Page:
Then one day, almost like a switch is thrown in us both, reality sets in, turning the whole deal inside out. I'm raking leaves, waiting to borrow David's car for after-school pickup, but he slides alongside the curb, rolls down his window, and announces he's going to the gym instead.

Can't I drop you off at the gym and then get Dev? I want to know.

David prefers to pick up Dev himself, then work out.

But I'm trying to shelter Dev from David's presence in my life, which David resents. He wants to plug into the husband slot right away. Words get sharp. I throw down the rake and stalk inside. He follows.

The ensuing fight rocks the rafters--a worse tussle than Warren and I ever dragged through. And soon our every day is a rage, the whole romantic endeavor flip-flopping from cuss fight to smoochy-face makeup--the reversals coming too fast to get down in a diary. When Dev's home, I won't let David sleep over, which pisses him off no end, as does my leaving early from a research trip he takes me on. I'm mad he doesn't fit into the slot marked reliable.

[...]

Not that anything I utter warrants his pitching my coffee table at me, my sole piece of intact furniture splintering on the wall. After, I ring a lawyer girlfriend to send him a bill for it. He fires off a check with a note arguing that since he's paid for the table, isn't it his? I shoot back that the table's still mine, but he will own its brokenness for perpetuity.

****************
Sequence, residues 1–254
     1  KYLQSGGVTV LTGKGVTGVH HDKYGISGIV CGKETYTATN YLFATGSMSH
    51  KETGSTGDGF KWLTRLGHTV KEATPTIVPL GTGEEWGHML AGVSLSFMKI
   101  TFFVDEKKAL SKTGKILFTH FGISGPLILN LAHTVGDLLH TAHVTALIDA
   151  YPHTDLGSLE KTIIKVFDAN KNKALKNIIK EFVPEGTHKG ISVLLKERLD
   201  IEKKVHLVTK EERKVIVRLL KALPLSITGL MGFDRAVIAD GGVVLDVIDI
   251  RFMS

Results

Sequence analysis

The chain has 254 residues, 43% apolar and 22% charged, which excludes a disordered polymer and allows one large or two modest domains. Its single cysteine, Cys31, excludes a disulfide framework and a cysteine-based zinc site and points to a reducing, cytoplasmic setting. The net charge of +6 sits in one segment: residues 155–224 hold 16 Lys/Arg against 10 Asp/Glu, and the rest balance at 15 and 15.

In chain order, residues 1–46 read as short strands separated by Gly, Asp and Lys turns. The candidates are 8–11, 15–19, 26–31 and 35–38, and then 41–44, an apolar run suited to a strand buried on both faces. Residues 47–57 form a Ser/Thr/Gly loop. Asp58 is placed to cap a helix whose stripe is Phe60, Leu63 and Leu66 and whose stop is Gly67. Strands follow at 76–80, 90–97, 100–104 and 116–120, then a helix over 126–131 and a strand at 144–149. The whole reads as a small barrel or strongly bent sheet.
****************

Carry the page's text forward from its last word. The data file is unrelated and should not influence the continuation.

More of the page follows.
(Years later, we'll accept each other's longhand apologies for the whole debacle and resume the correspondence that held the better angels of our natures.)

that pal is Jonathan Franzen lol

—p.318 by Mary Karr 1 year, 7 months ago
341

For all the schisms in my upbringing, the most savage scars didn't come from pain. Pain has belief in it. Pain is required, Patti likes to say; suffering is optional. What used to hurt was the vast and wondering doubt that could spread inside me like a desert, the niggling suspicion that none of the hard parts even happened. So the characters that so vividly inhabited me were phantasms, any residual hurt my own warped concoction.

—p.341 by Mary Karr 1 year, 7 months ago